Shaughan McGuigan is an avid Raith Rovers fan and panellist on the BBC Scotland football programme, A View From The Terrace, which is returning to our screens in September.
So, what have we learned from Rovers latest ignominious attempt to successfully navigate a League Cup group section?
Defeats to second-tier contenders Dundee and Inverness Caledonian Thistle may have been expected, if a little deflating.
A victory over Peterhead, a fellow League One side who will have one eye on a Championship playoff spot was far more heartening, but the now seemingly annual gubbing from Cove Rangers meant that any positive momentum was brought juddering to a sudden halt.
Panic, strops and claiming the season is heading for the rocks may be a little knee-jerk, but by the same token, the results and performances suggest no-one needs to start contacting local coach firms to enquire about open top bus availability next May.
Opinion is split on how seriously results in the season-opening tournament should be taken, and while sparse benches are an indicator that for many teams, squad building is far from over, last season’s competition suggests the League Cup is still at least a partial barometer of how clubs will fare.
Of the eight sides who finished bottom of their groups, of which Rovers were one, seven went on to post seasons somewhere between mediocre and muck.
There’s also the added fact that some of Rovers League One rivals were going about their business impressively.
East Fife humbled Dundee United at Tannadice, before defeating Hearts on penalties to qualify from Group A in second place, while Forfar qualified from a group containing two Premiership sides in Ross County and St Johnstone.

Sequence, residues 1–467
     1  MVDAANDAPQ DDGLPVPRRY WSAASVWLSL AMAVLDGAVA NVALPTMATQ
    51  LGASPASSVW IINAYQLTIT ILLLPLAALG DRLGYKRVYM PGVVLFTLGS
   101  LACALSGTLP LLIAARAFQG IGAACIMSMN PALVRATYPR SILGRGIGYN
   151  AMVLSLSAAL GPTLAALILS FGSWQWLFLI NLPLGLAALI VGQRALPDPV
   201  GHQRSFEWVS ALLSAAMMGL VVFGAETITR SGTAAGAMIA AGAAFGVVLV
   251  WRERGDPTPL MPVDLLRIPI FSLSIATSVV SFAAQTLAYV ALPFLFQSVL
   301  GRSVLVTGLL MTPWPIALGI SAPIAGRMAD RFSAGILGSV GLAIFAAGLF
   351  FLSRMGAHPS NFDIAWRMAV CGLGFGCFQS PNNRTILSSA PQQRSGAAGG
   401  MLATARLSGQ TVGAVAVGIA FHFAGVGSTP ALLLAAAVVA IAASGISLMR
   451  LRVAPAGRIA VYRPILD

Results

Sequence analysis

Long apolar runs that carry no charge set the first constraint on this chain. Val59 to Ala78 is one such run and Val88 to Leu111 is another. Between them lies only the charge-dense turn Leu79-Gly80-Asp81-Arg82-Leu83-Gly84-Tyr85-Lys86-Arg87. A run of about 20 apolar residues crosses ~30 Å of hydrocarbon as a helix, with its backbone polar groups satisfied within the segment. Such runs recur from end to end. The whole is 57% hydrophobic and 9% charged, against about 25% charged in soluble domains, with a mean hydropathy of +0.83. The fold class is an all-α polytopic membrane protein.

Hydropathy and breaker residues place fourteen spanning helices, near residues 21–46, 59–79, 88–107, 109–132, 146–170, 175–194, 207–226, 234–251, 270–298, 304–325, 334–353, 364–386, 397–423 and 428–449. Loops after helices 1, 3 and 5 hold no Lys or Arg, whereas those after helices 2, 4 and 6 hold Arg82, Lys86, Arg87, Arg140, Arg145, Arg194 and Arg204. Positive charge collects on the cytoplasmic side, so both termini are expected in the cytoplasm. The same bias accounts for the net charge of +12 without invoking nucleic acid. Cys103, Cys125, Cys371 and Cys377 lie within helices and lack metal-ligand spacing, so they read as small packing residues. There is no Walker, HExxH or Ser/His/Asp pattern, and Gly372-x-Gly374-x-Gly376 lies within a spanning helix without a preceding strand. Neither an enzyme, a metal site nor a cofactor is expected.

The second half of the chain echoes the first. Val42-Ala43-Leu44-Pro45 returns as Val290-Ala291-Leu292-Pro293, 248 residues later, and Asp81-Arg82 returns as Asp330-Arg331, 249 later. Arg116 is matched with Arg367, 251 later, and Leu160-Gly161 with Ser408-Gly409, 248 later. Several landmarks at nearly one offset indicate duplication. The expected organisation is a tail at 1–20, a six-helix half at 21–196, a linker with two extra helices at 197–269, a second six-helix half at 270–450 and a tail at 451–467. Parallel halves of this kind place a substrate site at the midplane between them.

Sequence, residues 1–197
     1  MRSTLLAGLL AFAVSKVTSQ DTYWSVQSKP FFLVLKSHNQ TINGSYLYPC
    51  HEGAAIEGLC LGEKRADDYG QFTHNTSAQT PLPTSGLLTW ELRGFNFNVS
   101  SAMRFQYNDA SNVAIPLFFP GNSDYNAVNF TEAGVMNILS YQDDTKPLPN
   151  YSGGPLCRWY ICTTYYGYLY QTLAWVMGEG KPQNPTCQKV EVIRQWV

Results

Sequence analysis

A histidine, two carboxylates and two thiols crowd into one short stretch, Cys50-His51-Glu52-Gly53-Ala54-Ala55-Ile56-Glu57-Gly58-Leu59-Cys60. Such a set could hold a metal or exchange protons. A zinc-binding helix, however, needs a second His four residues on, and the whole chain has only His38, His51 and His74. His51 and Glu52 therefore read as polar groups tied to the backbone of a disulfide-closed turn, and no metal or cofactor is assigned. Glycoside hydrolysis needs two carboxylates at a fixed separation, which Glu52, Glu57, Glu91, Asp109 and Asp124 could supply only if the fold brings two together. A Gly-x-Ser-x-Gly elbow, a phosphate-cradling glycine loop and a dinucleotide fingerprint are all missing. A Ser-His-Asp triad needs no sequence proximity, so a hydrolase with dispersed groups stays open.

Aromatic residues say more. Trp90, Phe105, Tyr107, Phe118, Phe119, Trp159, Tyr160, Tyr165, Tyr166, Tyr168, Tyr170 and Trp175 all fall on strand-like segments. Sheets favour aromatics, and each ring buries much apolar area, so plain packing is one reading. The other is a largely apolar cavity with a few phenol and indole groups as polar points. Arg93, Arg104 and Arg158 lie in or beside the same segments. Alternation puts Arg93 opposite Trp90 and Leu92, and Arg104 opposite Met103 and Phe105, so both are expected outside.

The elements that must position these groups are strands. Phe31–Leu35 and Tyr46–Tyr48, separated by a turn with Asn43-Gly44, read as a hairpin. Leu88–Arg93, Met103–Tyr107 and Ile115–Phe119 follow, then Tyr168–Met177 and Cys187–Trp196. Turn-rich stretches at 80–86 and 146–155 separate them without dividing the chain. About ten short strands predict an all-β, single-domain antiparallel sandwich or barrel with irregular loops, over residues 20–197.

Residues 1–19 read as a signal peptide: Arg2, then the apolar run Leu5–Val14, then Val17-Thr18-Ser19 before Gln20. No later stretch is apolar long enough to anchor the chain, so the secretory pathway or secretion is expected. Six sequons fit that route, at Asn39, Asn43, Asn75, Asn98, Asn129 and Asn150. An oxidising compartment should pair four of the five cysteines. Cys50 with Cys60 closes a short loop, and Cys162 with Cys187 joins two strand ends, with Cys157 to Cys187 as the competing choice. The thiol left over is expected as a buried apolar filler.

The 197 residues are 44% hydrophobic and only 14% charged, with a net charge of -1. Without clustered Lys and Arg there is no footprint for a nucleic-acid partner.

Both teams look to have recruited well over the summer, and while Raith are ranked as second favourites for the title behind Falkirk, the Loons and the Fife will fancy their chances of ending the season above Rovers.
To ensure that doesn’t happen, John McGlynn will have to figure out a way to restore Rovers defensive unit to something that at least resembles the one which impressed for the bulk of the 2017/18 season.
Across all four divisions, only Celtic conceded fewer goals than the Kirkcaldy side during that campaign, but despite three new defensive acquisitions in the summer, last season’s frailties look like they’re seeping into this one.
An inability to defend set-pieces still seems to be rife, and while Kieran MacDonald and Michael Miller seem to be decent fits for the full-back positions, Fernandy Mendy looks like he’s a fair way to go before he’s ready to usurp any of the other central defenders.
The return of Lewis Vaughan should, in theory at least, provide the goals that can sustain a promotion push, and with Regan Hendry putting in performances that make you wonder how exactly he ended up in Scotland’s third tier, there should be no shortage of opportunities for Rovers front-men.
If McGlynn can figure out a way to keep the door shut at the other end, Rovers could have a pretty productive season.
With his current resources though, that might be a little easier said than done.